When it comes to Iran, things are actually going well for the West and Israel. Really well, in fact.
The recent deterioration in relations between the Iranian government and Turkey is yet another piece of good news for those who want to see Tehran’s negotiation position and leverage weakened. Relations between the two countries hit a new low after Turkish Prime Minister Recep Tayyip Erdogan’s recent visit to Tehran. Soon after the visit, Iran announced that Istanbul was no longer its preferred venue for negotiations with the P5+1, scheduled to take place on April 13. Iranian authorities scrambled to look for a new venue, and Baghdad has now been suggested by both Iran and China. The P5+1 (consisting of the five permanent members of the U.N. Security Council plus Germany) have yet to announce whether they will accept the suggestion.
The deterioration in relations between Tehran and Ankara is believed to be mainly due to differences over Syria. The Iranian government seems particularly incensed at Turkey’s decision to hold the “Friends of Syria” conference on its soil on April 1, a conference that will consist of members of the Syrian opposition and countries that support them.
At a special parliamentary session held Tuesday, Parliament Speaker Ali Larijani condemned the conference, stating, “The name of the recent conference in Istanbul, which was called ‘Friends of Syria,’ was not ‘Friends of Syria,’ but rather its name was ‘bribers of Israel.’” The Turks were so incensed that the next day, the country’s foreign ministry summoned the Iranian ambassador to “demand an explanation” over Larijani’s remarks.
Turkey isn’t only a source of trade for Iran – at least one of its banks has acted as a go between Iran and India for oil payment. (India is one of the last countries to hold out over the recent oil sanctions, and Iranian officials will undoubtedly be concerned that Turkey might put a halt to such activities.)
All this is a far cry from May 2010, when Turkey was so close to the Iranian government that along with Brazil it managed to broker a deal to transfer 50 percent of Iran’s Low Enriched Uranium (LEU) to its soil for later conversion to nuclear fuel rods. However, that deal was deemed unacceptable by the West for a number of reasons. For a start, the amount of LEU it left in Iran (50 percent of Iran’s total stock) would have given Iran the option of having enough LEU on its soil to reach breakout capacity during talks.
Second, because that deal included a “declaration of Iran’s right to enrichment,” the International Atomic Energy Agency and the West would have been agreeing to Iran be able to enrich on its soil while relieving it of its commitment to answer outstanding IAEA queries or respond to demands by the United Nations outlined in various resolutions. Indeed, so unacceptable were the terms of this deal that even China and Russia, which over the years have been the most reluctant in the Security Council to impose sanctions against Iran, agreed to a new round of sanctions after Iran inked the deal with Turkey and Brazil.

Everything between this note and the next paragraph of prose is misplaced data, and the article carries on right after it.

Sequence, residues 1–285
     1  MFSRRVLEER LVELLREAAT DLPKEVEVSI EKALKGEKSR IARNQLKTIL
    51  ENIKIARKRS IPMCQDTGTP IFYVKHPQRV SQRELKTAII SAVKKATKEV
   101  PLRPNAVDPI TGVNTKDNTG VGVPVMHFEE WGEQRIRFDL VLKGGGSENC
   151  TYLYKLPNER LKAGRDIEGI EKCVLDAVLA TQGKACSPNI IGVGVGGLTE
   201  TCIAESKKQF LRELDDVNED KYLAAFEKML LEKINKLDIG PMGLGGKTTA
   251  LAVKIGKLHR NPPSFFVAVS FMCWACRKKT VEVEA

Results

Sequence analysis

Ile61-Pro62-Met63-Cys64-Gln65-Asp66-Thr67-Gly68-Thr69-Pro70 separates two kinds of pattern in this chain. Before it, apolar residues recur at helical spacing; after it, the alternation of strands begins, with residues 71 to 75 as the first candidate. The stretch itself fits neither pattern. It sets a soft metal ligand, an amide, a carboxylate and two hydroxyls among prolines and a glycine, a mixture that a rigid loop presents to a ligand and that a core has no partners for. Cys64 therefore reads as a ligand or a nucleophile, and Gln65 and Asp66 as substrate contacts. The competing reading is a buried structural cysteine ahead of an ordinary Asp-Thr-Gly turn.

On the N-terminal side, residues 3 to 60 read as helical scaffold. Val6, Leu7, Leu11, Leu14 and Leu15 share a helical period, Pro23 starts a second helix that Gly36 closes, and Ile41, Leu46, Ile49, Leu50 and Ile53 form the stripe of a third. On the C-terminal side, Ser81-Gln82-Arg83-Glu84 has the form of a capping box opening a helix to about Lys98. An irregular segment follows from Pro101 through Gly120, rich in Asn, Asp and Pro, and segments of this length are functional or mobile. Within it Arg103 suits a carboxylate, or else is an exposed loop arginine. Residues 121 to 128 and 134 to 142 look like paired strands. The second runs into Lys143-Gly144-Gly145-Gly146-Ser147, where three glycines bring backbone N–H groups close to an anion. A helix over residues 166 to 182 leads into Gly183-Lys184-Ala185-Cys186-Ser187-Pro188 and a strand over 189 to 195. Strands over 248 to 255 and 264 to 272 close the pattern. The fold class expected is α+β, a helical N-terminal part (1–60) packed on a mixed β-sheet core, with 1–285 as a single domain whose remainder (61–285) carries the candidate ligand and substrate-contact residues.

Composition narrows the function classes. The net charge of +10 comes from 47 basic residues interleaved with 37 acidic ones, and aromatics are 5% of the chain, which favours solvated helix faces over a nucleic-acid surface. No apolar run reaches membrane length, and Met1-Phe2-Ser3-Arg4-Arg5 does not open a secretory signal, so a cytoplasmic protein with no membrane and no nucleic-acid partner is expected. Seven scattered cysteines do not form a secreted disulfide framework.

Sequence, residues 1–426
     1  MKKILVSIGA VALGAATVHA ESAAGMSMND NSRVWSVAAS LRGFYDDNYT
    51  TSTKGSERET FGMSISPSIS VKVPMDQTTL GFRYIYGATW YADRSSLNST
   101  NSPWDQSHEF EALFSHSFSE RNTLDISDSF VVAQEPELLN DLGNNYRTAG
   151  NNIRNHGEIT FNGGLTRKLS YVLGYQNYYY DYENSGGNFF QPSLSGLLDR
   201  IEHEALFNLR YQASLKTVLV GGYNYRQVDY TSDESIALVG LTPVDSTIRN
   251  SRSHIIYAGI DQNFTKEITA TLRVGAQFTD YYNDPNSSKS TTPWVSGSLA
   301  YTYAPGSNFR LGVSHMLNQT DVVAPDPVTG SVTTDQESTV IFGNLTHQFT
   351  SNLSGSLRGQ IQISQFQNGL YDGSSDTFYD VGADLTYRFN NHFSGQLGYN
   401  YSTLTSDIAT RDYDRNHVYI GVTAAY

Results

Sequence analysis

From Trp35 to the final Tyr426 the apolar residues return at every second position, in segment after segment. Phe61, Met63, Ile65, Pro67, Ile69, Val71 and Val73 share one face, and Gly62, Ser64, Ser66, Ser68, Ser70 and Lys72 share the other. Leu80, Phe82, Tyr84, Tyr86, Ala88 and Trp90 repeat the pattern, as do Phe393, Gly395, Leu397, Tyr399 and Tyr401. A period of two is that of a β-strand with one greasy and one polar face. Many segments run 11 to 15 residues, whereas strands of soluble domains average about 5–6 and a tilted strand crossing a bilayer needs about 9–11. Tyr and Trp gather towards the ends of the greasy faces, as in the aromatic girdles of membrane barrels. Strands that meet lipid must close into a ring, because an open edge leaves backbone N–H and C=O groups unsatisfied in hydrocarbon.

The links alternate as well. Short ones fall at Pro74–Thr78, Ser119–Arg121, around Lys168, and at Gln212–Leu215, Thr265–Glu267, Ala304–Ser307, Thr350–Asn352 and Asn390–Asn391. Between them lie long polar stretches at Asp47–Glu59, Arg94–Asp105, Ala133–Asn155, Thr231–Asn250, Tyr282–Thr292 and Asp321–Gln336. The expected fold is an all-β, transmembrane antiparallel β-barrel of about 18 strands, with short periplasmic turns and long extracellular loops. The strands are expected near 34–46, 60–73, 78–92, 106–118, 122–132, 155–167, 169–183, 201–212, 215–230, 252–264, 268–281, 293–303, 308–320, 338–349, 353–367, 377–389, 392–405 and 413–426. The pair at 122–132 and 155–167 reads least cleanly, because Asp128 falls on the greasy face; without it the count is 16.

And yet despite the unprecedented weakening of Iran’s position, the P5+1 mustn’t take its current advantage for granted; things could still go very wrong. This is especially true of the current sanctions, which are seen by the West as a necessary tool for pressuring the Iranian government. They could still backfire badly, especially if they reduce the supply of food and medicine to Iran to any significant degree.
Indeed, this area deserves immediate attention, and there are a number of ways this challenge could be addressed. The most efficient thing would be to form a super committee to which all suppliers of food and medicine to Iran could refer when seeking an exemption for their trade. This should be eminently possible – the same mechanisms used to ensure that sanctions against Iran are applied could be used to oversee the sale of food and medicine to Iranians.
In fact, the West could go one step further. While it imposes tough sanctions against the regime, it should supply Iranian cancer patients with the medical isotopes they need. This would undermine the regime’s justification for enriching uranium to 20 percent at Fordo, where it says it needs to produce nuclear fuel for the production of medical isotopes at the Tehran Research Reactor (TRR). This would deprive the regime of important cover, and it’s refusal of such an offer would only confirm suspicions that its nuclear program is being eyed for military purposes. This would make isolating the regime easier, especially if it continues to stonewall the IAEA and enrich at Fordo.
The current economic sanctions could ultimately turn into an existential threat to the Iranian regime, and they should undoubtedly be continued until it shows adequate flexibility for reaching a mutually beneficial deal with the West.
Iranian Supreme Leader Ayatollah Ali Khamenei always has and always will try to lay the fault for all of Iran’s ills at the West’s doorstep. He should be relieved of this opportunity by ensuring that sanctions don’t deprive the Iranian people of food and medicine. Supplying medical isotopes to Iranian patients would therefore be another blow against the regime and its efforts to demonize the West.
The West could score a major victory over Iran’s nuclear program – and the regime itself – by improving relations with the Iranian people. Yet unless it thinks creatively about how to keep Iranians on side, it could ultimately end up helping Khamenei and undermine the enormous effort that has gone into isolating his regime.